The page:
Newman continues to make his name as one of the most exciting and unusual of contemporary British novelists. His third novel, A Fountain at the Centre of the World, was chosen as a book of the year by Dave Eggers and described in The New York Times as "the talismanic Catch-22 of the antiglobalization protest movement." The Guardian argued it was a "wonderful, big-hearted, textured, funny, moral and deeply unfashionable book", while The Independent asked if it could "herald a resuscitation of the English "literary political novel", almost dead in the water since the best work of Malcolm Lowry and Graham Greene".
 
Newman will join us to discuss politics, fiction, history, and his new novel, The Trade Secret – an outrageous, continent-crossing epic that subtly blends fact and fiction, and is described by The Guardian as "a rollicking Elizabethan yarn that has much to say about the origins and nature of modern capitalism."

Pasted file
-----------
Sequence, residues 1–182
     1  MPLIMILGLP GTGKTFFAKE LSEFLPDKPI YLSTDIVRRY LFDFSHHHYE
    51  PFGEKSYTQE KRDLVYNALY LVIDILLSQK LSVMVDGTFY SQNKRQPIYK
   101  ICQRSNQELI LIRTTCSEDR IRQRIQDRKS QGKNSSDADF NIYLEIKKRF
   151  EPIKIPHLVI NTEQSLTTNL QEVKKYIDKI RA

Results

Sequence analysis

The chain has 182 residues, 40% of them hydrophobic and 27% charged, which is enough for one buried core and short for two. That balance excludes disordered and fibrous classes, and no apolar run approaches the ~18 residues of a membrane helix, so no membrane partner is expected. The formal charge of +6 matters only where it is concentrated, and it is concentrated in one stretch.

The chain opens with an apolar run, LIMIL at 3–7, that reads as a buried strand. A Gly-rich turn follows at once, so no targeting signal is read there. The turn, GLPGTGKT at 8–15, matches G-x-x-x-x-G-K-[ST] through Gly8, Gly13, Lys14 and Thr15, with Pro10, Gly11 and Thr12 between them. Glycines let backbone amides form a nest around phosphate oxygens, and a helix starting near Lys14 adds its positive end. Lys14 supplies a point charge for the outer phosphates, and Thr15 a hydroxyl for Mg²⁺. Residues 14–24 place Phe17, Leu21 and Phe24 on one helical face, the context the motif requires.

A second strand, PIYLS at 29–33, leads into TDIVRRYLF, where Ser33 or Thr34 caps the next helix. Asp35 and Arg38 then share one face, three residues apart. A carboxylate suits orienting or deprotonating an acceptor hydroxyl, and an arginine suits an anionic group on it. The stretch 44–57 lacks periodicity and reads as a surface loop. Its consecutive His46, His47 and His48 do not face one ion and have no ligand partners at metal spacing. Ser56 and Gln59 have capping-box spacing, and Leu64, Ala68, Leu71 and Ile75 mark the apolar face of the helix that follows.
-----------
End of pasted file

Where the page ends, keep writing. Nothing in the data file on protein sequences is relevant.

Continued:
The event is free to staff and students of the University, but places can be reserved through the Online Shop here.
 
 
 

'Fiction, Politics and the Past'

A talk by Rob Newman

Humanities Public Lecture Series

University of Gloucestershire

 

Wednesday 26 March 2014

Francis Close Hall TC001 at 7:30pm

 

All are welcome

 
 


Wednesday, 19 March 2014

A new publication and a new direction in cross-disciplinary research


 
 
Bloomsbury Influences: Papers from the Bloomsbury Adaptations Conference, Bath Spa University, 5-6 May 2011